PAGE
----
As to the swallow comments, I don't think Lark Parker has seen Monty Python And The Holy Grail.
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Torqueing a wobble extension
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FWIW, sometimes thought problems like this can be resolved by thinking of the extreme case. Ask yourself, "how much torque would I put on the fastener if the wobble extension, was set at 90 degrees to the axis of the fastener?" (say you took a socket and slotted one side of the drive recess to permit the extension to go that far) In that instance, it's pretty easy to see that the answer would be zero. All the force would be directed at trying to move the fastener sideways. A great way to get isometric exercise, but otherwise pointless.
Let's see now. We have two endpoints. Extension right in line with fastener: 100% torque transfer. Extension at 90 degrees to fastener, 0% torque transfer. (looks at book of trig tables) Well, looky here! This property of angles, called cosine, has the same end points. Angle zero degrees, cos 0 = 1.0 Angle 90 degrees, cos 90 = 0. So the torque through a wobble extension (or Ujoint) is equal to the applied torque X the cosine of the offaxis angle. If you have one of those little Ujoint adaptors in your socket set, try it at 90 degrees; it won't turn the nut.
Since the cosine of 15 degrees is 0.965...., effectively at that small angle, your torque will probably be within spec. Torque to the high end of the quoted range if it makes you feel happy.Gord Richmond, within Weasel range of the Alberta Badlands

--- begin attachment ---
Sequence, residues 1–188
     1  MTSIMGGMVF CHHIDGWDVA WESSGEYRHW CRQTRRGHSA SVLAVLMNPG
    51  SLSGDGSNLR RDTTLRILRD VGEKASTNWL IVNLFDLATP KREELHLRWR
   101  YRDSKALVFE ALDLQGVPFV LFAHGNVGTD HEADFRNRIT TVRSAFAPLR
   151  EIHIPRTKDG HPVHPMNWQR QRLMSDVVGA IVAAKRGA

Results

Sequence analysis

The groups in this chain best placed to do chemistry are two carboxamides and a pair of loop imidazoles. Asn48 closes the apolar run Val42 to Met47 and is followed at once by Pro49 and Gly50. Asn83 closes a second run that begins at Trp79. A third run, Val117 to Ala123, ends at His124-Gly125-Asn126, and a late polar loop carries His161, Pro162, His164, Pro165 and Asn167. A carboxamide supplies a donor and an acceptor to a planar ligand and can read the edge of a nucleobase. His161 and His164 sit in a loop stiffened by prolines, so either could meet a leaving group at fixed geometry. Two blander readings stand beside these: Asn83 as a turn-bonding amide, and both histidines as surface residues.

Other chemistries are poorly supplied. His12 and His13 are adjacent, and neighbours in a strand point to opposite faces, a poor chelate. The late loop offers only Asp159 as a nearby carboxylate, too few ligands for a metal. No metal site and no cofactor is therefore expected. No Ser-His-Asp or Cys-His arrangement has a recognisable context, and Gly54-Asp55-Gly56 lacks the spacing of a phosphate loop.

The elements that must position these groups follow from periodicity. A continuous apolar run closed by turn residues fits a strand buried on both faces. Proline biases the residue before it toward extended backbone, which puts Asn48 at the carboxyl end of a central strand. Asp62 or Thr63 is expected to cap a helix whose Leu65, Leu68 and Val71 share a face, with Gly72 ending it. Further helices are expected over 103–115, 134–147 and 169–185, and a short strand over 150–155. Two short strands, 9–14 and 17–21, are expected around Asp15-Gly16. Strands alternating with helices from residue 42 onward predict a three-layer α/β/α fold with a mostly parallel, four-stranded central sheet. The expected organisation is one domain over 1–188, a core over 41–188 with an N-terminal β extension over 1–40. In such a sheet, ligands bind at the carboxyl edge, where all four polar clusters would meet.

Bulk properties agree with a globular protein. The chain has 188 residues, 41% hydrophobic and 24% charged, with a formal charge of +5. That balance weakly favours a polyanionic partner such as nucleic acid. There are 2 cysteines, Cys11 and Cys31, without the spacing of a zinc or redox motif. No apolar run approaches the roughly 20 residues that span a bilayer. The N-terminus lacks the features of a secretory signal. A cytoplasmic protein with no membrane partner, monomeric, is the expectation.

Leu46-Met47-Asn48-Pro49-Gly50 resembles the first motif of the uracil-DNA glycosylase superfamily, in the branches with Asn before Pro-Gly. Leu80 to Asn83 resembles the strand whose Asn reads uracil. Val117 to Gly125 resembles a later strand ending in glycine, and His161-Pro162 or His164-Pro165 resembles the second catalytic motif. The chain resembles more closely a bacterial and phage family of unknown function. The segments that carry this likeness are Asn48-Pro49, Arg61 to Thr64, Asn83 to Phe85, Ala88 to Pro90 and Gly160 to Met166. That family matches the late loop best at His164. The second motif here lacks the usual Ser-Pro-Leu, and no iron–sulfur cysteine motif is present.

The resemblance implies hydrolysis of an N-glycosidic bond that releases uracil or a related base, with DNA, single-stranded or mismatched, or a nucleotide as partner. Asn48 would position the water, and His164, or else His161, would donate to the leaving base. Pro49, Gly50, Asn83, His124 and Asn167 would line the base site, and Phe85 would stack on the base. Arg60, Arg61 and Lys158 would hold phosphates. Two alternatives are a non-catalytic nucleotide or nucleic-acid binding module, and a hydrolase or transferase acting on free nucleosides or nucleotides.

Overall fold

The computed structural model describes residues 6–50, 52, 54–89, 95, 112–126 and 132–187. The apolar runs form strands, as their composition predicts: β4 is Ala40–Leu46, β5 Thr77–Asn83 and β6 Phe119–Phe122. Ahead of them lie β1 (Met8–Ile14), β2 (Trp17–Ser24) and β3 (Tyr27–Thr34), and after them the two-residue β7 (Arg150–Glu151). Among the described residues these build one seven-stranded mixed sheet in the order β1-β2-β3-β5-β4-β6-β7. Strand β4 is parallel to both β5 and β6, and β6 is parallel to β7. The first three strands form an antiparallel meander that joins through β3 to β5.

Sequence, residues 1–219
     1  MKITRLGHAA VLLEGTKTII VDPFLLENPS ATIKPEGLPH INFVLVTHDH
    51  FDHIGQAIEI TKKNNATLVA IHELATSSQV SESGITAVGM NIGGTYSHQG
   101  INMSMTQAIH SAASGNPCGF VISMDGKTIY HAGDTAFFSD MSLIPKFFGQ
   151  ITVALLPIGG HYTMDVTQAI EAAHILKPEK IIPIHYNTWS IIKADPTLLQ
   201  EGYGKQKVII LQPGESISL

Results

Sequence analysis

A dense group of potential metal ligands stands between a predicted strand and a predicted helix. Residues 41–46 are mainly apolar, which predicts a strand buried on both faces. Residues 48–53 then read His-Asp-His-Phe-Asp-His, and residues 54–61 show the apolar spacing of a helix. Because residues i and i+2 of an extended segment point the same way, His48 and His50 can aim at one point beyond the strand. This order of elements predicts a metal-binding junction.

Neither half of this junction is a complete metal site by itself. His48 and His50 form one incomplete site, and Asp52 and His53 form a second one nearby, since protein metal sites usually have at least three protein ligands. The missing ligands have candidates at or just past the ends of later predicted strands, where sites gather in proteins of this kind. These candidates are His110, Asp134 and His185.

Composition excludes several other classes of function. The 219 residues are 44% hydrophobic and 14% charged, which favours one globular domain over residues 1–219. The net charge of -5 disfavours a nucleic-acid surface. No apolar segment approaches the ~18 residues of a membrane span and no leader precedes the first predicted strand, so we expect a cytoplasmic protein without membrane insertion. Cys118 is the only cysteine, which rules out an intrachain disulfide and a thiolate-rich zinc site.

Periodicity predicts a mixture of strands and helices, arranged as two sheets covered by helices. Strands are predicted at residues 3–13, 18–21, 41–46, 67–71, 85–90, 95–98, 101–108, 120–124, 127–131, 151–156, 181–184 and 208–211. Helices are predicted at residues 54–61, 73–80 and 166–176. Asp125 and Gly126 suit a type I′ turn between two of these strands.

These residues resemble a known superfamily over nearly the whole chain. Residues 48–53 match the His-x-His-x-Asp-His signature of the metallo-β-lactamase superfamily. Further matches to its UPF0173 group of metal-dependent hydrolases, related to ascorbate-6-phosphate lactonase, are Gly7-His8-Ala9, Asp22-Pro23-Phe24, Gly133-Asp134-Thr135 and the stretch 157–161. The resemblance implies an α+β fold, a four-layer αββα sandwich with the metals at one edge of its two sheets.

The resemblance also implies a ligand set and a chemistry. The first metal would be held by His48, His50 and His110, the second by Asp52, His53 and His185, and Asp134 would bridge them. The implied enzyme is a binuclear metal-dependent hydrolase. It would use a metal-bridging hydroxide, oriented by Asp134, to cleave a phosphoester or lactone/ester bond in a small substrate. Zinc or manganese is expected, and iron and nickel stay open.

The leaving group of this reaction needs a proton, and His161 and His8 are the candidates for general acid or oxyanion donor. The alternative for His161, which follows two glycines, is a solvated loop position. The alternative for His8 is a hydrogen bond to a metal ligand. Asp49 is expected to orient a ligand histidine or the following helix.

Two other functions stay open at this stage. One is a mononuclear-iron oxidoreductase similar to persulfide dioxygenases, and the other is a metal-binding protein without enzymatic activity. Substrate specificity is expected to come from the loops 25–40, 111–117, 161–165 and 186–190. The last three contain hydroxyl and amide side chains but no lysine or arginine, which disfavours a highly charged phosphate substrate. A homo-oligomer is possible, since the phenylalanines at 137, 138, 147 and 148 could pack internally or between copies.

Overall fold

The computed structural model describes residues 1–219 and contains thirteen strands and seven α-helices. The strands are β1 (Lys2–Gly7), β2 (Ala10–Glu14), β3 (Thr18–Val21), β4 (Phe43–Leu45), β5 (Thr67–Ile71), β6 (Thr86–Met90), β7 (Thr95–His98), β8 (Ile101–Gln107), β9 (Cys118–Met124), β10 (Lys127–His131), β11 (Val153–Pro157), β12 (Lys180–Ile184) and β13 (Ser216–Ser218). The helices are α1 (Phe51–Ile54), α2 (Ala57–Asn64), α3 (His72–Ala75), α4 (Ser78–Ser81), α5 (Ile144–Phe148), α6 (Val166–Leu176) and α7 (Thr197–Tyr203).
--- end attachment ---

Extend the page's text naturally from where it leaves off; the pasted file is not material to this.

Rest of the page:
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Thanks Gord for the precise help. I was uncomfortable with my way of deduction.
I had also thought about the extreme of 90 being an isometric exercise. But I got sloppy in thinking when I remembered the sine of 90 was 1.000 so I used 10 degrees off 90 for the sine function. Something about the calculation kept nagging at me.
Although using 80 on a sine function probably yields the same numerical answer as 10 on the cosine.
Your thinking is correct, mine *lacks precision. (*Euphemism for I was wrong.)
If you use a China built universal joint, the 90 exercise does not hold in the real world as some guys can break one.
I was also lacking in precision about the torque wrench being invented before the last century. My computer says it was invented in 1918.sigpic
Lark Parker Just an innocent possum strolling down life's highway.
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Oops. Lark, I now see you were serious in the above. Hopefully, you did not take seriously, anything I said above. It was meant to be tongue in cheek. For all except head bolts, flywheel bolts, and the like, I just tighten till it feels about right. But I know that does not address your question.
Joe
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Lark,
What year is your manual? I might pick one up just for that torque table. The torque wrench may date to 1918 but there is not a single torque value anywhere in my 1941 manual.
Nathan
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If all else fails, use common sense and any one of several torque table specs such as found in Machinery's Handbook or http://www.engineershandbook.com/Tables/torque3.htm.
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I agree that handbook is good and it's hardly worth the price just to buy the manual for the torque specs.
Here's another http://www.pirate4x4.com/tech/billav...lts_signed.pdf
with a short course in bolts, nuts and washers.
Use one of the suggested tables and just choose the bolt rating (most are grade 5), the diameter, and the thread(coarse or fine).
Such tables are universal and what Studebaker probably used to build with and write the shop manual.
For what its worth I used the 1955 Shop Manual since my 39 Manual is at the President's storage site.
The 1955 manual is excellent and better than some of the later shop manuals. My opinion only.
Since I was dealing with studs and not bolts (with the grade marking) I would have assumed grade 5 had I been using a general table.sigpic
Lark Parker Just an innocent possum strolling down life's highway.
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